Archer recognizes most of these problems and tries to explore the possibilities in Aramaic, which Jesus may have spoken. But the word he has in mind (from the Syrian Peshitta) can also mean "generation." What reason do we have for believing that this word was rendered incorrectly in the Greek? (Most scholars believe that Matthew was originally written in Greek.) No reasons are forthcoming from Archer, let alone good ones.

Nor should we overlook the general context of Matthew 24. Jesus gives his disciples the signs that they should look for when the end-time comes. In its original setting this revelation appears to have been a personal warning to the disciples so that they would not be caught short. Such a warning would have been a farce if matters were not coming to a head in their generation.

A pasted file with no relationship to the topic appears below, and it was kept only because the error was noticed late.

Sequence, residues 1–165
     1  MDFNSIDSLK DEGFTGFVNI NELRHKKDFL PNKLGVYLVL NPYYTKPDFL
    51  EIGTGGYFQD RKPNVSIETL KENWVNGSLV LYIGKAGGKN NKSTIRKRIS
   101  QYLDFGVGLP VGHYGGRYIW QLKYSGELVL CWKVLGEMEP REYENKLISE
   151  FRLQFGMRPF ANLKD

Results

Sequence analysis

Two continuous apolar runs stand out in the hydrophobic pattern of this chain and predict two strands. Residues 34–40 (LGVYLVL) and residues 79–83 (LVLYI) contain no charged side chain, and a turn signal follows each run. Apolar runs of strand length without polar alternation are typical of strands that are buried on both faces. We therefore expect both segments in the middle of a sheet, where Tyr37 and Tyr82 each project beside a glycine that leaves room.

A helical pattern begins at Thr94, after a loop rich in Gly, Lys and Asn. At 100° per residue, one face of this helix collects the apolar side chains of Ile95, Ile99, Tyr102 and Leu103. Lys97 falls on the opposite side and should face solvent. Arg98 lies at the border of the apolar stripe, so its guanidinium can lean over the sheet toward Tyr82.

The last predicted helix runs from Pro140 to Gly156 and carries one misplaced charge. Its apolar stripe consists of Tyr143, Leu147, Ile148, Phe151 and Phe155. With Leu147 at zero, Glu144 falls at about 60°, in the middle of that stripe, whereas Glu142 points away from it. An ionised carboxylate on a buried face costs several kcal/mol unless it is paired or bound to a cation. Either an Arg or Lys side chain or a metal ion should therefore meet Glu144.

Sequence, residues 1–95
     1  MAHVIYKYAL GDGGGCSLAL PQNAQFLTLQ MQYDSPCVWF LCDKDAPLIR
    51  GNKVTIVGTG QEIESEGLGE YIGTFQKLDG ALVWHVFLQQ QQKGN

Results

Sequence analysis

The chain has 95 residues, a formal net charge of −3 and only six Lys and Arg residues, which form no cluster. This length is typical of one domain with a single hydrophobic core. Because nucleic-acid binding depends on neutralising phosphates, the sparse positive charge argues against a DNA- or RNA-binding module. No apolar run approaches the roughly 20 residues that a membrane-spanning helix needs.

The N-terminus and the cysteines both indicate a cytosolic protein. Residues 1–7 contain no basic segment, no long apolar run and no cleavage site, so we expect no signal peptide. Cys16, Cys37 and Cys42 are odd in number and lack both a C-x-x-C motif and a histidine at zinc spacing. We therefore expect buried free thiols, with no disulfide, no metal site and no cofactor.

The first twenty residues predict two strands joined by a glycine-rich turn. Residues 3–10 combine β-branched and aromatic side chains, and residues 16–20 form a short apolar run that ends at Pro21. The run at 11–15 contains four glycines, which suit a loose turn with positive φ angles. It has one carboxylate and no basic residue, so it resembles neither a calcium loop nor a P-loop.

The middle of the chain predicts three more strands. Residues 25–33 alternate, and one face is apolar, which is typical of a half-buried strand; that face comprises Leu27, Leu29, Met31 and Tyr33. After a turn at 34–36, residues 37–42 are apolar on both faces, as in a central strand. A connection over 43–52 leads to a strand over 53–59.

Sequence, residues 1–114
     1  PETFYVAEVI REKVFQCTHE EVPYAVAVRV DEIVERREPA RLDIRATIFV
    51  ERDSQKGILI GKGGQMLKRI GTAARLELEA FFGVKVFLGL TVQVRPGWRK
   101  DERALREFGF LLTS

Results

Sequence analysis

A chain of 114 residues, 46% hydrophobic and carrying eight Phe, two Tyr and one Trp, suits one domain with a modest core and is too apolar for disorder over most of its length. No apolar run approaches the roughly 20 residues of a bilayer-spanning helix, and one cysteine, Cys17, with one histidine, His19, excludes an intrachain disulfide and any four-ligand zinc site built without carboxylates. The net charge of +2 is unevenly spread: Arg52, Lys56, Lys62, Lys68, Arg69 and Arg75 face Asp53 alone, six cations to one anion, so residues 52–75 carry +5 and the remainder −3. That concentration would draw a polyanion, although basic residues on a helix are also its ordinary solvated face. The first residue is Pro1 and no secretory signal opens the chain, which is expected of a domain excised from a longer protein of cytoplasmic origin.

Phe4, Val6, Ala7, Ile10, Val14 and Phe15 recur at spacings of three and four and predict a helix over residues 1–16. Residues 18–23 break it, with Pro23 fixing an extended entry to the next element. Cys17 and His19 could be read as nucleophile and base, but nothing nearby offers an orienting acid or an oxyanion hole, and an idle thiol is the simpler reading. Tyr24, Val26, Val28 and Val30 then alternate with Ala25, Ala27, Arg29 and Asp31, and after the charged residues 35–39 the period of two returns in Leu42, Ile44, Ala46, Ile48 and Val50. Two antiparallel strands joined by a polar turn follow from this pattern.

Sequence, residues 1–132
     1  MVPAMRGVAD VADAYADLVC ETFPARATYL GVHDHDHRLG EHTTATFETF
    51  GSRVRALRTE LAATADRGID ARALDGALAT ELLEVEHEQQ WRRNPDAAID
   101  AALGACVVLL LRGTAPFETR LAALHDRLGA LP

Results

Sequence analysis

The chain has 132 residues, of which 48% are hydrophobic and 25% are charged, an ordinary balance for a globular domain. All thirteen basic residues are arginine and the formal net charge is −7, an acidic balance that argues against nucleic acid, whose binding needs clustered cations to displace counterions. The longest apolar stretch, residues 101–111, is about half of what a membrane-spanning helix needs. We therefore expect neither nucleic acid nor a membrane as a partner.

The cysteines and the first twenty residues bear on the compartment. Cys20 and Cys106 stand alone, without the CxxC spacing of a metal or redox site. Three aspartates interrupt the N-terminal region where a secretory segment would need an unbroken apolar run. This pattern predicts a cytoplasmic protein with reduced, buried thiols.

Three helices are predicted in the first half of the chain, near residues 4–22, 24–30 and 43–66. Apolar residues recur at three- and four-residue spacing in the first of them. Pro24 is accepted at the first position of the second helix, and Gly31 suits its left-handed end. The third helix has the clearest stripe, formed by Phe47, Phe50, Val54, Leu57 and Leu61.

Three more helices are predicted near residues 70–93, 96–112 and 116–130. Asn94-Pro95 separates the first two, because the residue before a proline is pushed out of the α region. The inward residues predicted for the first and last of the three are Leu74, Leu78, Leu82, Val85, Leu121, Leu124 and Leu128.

Another favorite defense, mentioned by Archer, assumes that the generation that Matthew 24:34 refers to is the one which will actually experience the end-time. Accordingly, that future generation would not perish before the Tribulation had run its course. Some of them would witness Jesus' return in all its glory.

This desperate interpretation is just a baldfaced attempt to rewrite the text. A quick spin through several excellent translations of the Bible, such as the one I quoted, will be enough to put it to route. Do check it out!

And he went on to say, "I tell you, there are some here who will not die until they have seen the Kingdom of God come with power."
(Mark 9:1 TEV)
I assure you that there are some here who will not die until they have seen the Kingdom of God."
(Luke 9:27 TEV)
For the Son of Man is about to come in the glory of his Father with his angels, and then he will reward each one according to his deeds. I assure you that there are some here who will not die until they have seen the Son of Man come as King."
(Matthew 16:27-28 TEV)